Isabelle Kürschner from Catalyst, a diversity strategist nonprofit organization, says “Don’t fix the women, fix the workplace.” It’s past time you try and train and prepare women better, you now need to change the whole working environment. What’s in it for the companies is clear. “Of course, we want to be nice and fair but diversity and inclusion bring performance to the company” says Jean-Michel Monnot working for Diversity & Inclusion at Sodexo, a company which employs 380,000 persons in 80 countries,. The company actually made diversity 1 of the 5 pillars of the company.
It’s in the interest of the companies, really. For Frech, careers are now wave-shaped, not linear. It would be stupid to lose people of the way along the way”, for instance at time of pregnancies. There’s a true need for flexibility. Later, she underlined how hy ignoring diversity, a company will put itself behind the competition because they access a larger talent pool.
Like any investment, before reaping the benefit of diversity, companies have to mobilize resources first. Monnot explained how training is crucial in the process, “we are all build with stereotypes, we have to be aware of them to change the approach.” Adidas’ Diana Frech concurred: “we have 60 nationalities working for Adidas just in Germany, 50/50 male-female and a gender pay gap of 3%” she said, before nuancing “we still need to work on our own unconscious behaviors, resistances, personal patterns and inclusion problems.” Isabell Welpe of Technische Universität München then piled on with her academic background, adding “unconscious assumptions are the greatest barriers.”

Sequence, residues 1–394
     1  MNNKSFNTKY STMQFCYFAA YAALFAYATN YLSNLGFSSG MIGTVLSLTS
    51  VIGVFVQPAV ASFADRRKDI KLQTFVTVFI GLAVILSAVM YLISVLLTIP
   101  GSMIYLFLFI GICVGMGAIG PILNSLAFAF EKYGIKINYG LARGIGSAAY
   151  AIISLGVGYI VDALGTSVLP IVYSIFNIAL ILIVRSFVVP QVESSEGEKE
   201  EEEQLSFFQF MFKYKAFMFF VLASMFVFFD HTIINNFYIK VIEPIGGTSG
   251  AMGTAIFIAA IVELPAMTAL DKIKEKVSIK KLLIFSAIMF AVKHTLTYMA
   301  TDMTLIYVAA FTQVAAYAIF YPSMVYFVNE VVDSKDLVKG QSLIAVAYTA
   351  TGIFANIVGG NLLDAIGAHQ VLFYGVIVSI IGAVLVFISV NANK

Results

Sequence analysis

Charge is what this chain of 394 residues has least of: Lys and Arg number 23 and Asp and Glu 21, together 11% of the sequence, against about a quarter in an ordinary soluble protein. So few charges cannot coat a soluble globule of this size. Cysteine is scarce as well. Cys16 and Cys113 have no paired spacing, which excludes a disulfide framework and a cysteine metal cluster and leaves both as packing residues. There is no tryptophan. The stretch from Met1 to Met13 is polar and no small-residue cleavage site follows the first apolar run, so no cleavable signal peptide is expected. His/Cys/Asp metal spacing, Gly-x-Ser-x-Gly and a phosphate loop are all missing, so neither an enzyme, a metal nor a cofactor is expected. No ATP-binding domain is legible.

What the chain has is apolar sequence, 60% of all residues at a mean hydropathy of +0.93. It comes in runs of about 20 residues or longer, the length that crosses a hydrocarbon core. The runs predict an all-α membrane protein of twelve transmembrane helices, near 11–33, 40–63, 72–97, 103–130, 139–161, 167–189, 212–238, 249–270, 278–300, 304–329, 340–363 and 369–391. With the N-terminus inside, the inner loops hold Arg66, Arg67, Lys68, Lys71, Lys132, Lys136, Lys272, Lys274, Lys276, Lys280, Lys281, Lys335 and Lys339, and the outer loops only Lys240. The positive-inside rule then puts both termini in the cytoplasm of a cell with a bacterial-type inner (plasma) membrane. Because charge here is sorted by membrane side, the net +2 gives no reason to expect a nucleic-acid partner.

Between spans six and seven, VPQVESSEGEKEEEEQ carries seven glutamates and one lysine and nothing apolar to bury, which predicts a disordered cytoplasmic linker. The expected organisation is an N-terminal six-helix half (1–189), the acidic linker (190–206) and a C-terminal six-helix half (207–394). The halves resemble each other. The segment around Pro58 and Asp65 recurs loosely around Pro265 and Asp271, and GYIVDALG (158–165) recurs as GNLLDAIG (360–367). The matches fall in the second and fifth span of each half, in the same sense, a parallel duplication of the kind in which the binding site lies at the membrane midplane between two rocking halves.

How to shake the bad habits off then? The scholar explained that “to change behaviors, you don’t need not to change women, you need to change the companies at the cultural and organisational level”. She then urged the audience to focus the training on the executive level since the message has to come from the top management, down. Of course, challenges may occur. For internationalized companies, both the environment and the local executives matter explained Monnot, who warn also against making assumptions based on the country the company is located.
He also find that non-compulsory measures amounted to very little. “If you don’t make quotas; or call them whatever you like, target, objectives,” he asserted,”nothing will change. But you need before to educate.” In the end, Monnot said, “we have to find and work with similarities and differences, and celebrate the differences.” It worked particularly well for Sodexo judging by the impressive list of diversity-related awards they received. It will hopefully inspire others.